Yes, “.exe” files DO NOT run on macs (unless you install windows on the Intel based machines), but it’s also worth noting that “.exe” files also do not run on Linux based operating systems, but people seem to completely overlook that.

Threats like this increase as you add users to your machine, which makes finding the source even more difficult. If you have one user per machine.

With this in mind, you generally find that computers that people keep as “personal” generally have far less issues than shared machines. Macs aren’t really used as shared machines, mainly because they aren’t designed to be, and more importantly they aren’t marketed to be, they are marketed to be a “personal computer”.

What i’ve said above is mainly talking about issues with the operating system, however this girl’s comment was that she was going to buy a mac, as opposed to a “PC”, what’s wrong with a PC?, who said a PC can’t run Mac OS or virtually any operating system for that matter?

It’s ignorant to think that buying full retail hardware and software will solve all your problems, as if you purchased all OEM hardware, and ran a Linux based operating system such as the increasingly popular Ubuntu based gOS, you would likely find that suitable for your needs and wants, all at the fraction of a price, and just as easy to use.

The problem I find is that people don’t even consider Linux, because they simply don’t know enough about it. Why? Fear of the unknown and lack of financial backing of the vendor, which means there’s no mass media marketing unlike Apple.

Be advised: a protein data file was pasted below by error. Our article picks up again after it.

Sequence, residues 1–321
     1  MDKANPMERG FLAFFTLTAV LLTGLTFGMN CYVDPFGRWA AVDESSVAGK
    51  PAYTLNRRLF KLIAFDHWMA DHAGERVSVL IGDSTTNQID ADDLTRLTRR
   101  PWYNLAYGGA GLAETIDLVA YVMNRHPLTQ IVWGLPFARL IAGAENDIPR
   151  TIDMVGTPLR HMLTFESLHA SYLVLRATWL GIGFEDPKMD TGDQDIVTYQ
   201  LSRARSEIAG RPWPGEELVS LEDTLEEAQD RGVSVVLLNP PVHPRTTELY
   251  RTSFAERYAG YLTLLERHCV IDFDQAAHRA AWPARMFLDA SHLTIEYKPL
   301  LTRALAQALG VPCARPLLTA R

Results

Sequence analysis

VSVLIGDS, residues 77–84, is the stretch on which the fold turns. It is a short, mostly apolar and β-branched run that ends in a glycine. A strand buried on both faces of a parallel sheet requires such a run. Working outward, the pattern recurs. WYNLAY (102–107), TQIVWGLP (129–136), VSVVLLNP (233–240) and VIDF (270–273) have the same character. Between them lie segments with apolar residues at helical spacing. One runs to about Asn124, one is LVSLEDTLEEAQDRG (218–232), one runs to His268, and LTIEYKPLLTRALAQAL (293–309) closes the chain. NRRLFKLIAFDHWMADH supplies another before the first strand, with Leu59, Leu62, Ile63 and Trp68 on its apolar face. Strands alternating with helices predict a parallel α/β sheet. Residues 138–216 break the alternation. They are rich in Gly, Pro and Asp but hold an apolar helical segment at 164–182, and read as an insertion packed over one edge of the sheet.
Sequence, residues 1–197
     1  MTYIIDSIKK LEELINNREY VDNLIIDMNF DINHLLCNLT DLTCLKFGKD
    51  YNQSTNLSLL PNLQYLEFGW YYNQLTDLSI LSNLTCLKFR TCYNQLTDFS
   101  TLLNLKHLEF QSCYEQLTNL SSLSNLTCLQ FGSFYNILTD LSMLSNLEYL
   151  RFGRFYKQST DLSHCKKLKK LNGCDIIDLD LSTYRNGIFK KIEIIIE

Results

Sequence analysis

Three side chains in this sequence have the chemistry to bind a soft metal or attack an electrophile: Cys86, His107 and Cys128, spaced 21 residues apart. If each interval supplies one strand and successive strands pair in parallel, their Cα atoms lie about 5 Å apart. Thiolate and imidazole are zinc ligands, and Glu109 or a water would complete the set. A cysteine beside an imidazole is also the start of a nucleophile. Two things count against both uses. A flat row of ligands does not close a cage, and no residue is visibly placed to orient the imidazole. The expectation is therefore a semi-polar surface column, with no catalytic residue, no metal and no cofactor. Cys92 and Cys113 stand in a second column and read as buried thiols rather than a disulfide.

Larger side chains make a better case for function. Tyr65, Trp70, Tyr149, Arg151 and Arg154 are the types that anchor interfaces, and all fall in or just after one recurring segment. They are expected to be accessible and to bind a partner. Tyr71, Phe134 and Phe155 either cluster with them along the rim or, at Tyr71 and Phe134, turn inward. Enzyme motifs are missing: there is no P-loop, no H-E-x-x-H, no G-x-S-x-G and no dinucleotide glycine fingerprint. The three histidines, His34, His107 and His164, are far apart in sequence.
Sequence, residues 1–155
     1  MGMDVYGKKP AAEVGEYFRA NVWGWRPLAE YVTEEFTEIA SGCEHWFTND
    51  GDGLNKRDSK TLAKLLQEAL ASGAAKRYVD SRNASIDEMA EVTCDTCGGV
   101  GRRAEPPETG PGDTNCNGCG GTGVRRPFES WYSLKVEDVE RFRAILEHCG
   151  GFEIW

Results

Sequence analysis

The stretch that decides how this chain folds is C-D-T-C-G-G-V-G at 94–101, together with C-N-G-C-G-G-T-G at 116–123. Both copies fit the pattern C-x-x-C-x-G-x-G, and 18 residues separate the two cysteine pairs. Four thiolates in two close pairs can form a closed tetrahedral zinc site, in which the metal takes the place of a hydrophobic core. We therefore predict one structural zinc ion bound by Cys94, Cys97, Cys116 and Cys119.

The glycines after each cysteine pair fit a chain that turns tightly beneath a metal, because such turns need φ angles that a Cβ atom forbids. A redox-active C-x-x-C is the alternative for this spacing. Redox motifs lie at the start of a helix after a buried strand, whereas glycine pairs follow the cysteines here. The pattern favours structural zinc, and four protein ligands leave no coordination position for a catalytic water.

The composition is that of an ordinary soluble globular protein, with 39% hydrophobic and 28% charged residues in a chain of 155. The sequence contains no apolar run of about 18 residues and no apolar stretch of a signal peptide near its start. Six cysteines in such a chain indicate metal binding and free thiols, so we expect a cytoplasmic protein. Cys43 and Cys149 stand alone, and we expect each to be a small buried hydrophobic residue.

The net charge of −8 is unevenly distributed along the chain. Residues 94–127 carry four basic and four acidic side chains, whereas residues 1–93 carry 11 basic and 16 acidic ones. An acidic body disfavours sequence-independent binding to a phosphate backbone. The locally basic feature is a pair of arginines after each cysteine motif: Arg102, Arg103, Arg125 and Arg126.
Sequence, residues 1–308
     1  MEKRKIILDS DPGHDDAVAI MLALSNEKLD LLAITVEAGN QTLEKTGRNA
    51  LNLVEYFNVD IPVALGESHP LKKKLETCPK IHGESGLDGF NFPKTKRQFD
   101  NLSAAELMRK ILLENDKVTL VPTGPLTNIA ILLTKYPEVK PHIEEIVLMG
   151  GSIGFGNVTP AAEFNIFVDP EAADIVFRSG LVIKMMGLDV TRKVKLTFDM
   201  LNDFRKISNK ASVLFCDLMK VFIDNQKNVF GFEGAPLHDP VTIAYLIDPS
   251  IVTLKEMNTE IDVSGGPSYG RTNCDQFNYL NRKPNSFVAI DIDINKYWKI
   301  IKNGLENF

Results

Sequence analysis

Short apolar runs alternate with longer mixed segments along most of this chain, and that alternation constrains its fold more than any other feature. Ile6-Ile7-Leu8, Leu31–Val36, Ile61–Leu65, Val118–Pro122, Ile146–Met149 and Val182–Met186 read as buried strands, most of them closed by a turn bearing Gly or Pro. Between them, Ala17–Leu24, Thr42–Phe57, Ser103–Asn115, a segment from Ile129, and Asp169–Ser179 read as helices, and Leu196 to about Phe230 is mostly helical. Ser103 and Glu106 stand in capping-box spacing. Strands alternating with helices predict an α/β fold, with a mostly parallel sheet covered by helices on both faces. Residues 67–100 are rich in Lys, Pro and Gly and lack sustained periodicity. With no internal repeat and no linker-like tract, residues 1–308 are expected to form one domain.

But why are people so scared of Linux? After all Linux is based on Unix, as is Mac OS X, unlike Windows, and it’s FREE.

Ultimately you need to establish your needs and wants, find out what the hardware/software requirements of your devices (mobile phone, mp3 player, sat nav, etc), computer games and multimedia software is, and figure out which is right for you.

I can almost guarantee that Windows will come out as the most compatible and you’ll find that there’s increasing support for both Mac OS X, mainly because the devices you own are probably made by Apple (eg: iPod), but if you look a little closer, you’ll also find that there’s support for Linux based operating systems such as Ubuntu, you may have to search for it, or request it, but nether the less, it’s there, you’re never going to be the only one with said device.

One of the compatibility issues is that certain software creators, usually of the graphics or music industry (eg: Adobe, Propellerheads) only write software for mac, and windows, which ends up leaving Linux users to create their own open source alternative or try and emulate the official version. With this in mind, I understand why people sometimes choose a mac for their specialist software, but what about windows?

The question you need to ask yourself is “Why do I want a mac?”.

If the answer is that you think they are cool or a status symbol, or that they make you feel warm and fuzzy inside, then you’re buying it for the wrong reasons, computers aren’t meant to be any of those things.

If the answer is that you believe it will solve all your problems, you’re deluded. You’re always going to have problems, especially if you’re prone to them already. Getting a fresh operating system will always solve your problems, at least for a short while, until you start using it, then low and behold before long you’re in the same situation again.

In conclusion…

There’s pretty much two reasons why you might buy a mac, they are the OS (so called “piece of mind”) or the style (so called “lifestyle upgrade”), there is also the obvious combination of both.

There are however those few that do actually NEED a mac because of the multimedia applications they use will only run on the mac OS (if only they would run on Linux, how different things could be).

Next time are you really buying a mac? Or are you buying into something else? Piece of mind, or perhaps a lifestyle?